El Salvador 2012


By Taryn Walker

Week 1: We stayed in pairs with El Salvadorian families, eating breakfast and dinner with our new families getting to know their language, customs and history. During the day we visited several women’s co-ops, focusing on the different trades they had learned that were now providing money for their families, and witnessing the empowerment that came with these increased skills. We sat with each group of women to hear their stories and how their group had formed, and how this has given them a voice in their families and communities. We visited an Indigo textile workshop, another that worked with sewing and dyeing, also a group that focused on education and awareness training around domestic and community violence towards women and children. We spent some time with La Vaquita, a program DFW supported in 2008, which helped build a store for 10 women to make and sell cheese and other dairy products. So fun to see that from their success they are now finishing the second floor for a storage room and accounting office for their growing business!

We also learned, first hand, how the recent war and violence has shaped El Salvador’s culture through our visit to Archbishop Oscar Romero’s museum and chapel where he was murdered. On the national holiday of November2nd, All Souls Day, we spent time visiting an amazing monument for the innocent people killed or still missing from the war, then went to see a countryside cemetery where three Maryknoll sisters were buried after their murder in the early 80s. Two current sisters traveled with us to share the plight of the nuns and led us in a service of remembrance of all those who have died. Going farther back in history, we visited several Mayan ruins and learned about the government’s efforts in restoring them. We also threw in a couple Spanish language classes for good measure to prepare us for our time with the PINCC patients.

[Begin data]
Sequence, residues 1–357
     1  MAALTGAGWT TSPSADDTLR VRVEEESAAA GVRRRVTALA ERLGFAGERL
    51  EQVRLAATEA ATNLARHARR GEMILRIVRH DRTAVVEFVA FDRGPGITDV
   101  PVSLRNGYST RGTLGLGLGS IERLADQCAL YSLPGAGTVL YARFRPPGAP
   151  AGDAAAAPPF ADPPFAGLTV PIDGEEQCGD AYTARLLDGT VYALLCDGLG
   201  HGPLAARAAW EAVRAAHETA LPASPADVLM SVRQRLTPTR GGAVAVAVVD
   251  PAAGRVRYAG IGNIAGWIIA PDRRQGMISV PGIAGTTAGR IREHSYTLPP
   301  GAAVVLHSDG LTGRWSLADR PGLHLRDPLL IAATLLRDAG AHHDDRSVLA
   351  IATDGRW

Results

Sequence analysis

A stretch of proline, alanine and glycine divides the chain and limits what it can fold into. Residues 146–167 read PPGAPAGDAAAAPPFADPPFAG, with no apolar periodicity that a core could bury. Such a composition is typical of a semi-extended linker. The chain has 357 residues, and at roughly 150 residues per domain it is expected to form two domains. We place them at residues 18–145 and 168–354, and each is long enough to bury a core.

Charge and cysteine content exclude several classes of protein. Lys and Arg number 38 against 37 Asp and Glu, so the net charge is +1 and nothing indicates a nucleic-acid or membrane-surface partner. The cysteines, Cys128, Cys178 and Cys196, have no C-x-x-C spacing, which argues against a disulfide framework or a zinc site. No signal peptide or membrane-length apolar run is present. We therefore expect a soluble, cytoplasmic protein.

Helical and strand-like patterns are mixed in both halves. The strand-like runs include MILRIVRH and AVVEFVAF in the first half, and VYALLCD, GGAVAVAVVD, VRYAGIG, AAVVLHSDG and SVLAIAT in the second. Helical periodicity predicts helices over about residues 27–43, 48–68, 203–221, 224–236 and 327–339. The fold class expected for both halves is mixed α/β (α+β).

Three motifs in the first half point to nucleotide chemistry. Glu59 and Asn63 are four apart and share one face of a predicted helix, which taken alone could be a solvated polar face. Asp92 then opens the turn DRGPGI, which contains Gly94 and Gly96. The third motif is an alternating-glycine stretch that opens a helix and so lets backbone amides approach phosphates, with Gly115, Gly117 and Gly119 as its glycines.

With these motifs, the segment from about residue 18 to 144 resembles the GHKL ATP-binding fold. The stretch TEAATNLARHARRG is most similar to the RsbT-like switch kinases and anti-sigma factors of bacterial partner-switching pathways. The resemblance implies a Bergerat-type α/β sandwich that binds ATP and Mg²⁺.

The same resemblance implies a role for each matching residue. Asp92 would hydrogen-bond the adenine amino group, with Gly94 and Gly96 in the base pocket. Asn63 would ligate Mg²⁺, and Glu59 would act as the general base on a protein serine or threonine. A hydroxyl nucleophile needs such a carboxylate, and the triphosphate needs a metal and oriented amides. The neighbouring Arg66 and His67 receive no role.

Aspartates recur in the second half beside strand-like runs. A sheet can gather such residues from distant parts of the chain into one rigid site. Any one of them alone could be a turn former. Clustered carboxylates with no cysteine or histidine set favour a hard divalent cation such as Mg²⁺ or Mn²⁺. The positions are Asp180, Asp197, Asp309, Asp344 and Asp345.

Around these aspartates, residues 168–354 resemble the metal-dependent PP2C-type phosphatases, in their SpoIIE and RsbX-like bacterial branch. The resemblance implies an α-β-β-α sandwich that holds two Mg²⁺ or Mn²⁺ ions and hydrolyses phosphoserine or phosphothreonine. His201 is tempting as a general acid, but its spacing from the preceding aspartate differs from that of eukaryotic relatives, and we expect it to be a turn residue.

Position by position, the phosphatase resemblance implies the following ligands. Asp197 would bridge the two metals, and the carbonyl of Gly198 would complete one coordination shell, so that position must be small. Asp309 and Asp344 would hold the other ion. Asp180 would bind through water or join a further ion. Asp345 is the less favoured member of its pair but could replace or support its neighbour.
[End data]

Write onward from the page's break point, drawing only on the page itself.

Week 2: Service work with PINCC. The number one goal for the week was to train the El Salvadorian doctors and nurses to be able to carry on the important work of screening and treating lesions to prevent cervical cancer. Whatever our group of nine DFW volunteers could do to help, we were up for the challenge. We worked in four different clinics around San Salvador. Each day we saw at least 50 patients, assisting in their treatment and helping to educate them about the importance of medical treatment and safe sex. Many of us shared how much we were learning about the female body and saw first hand how much knowledge was being exchanged. The head of the health commission for the country came to the graduation celebration for the doctors and nurses that achieved the status of trainers. It’s very exciting for PINCC and the medical community of El Salvador to be able to continue the training without PINCC and volunteers being there. This is a true example of giving a person a fishing pole and teaching them to fish, instead of giving them the fish for just a good meal!

Once again, DFW and the organizations that we support are making a big impact, both for us from the US, and most importantly for the many women in El Salvador that received training and treatment through PINCC. I continue to be proud to be a part of such a great organization.

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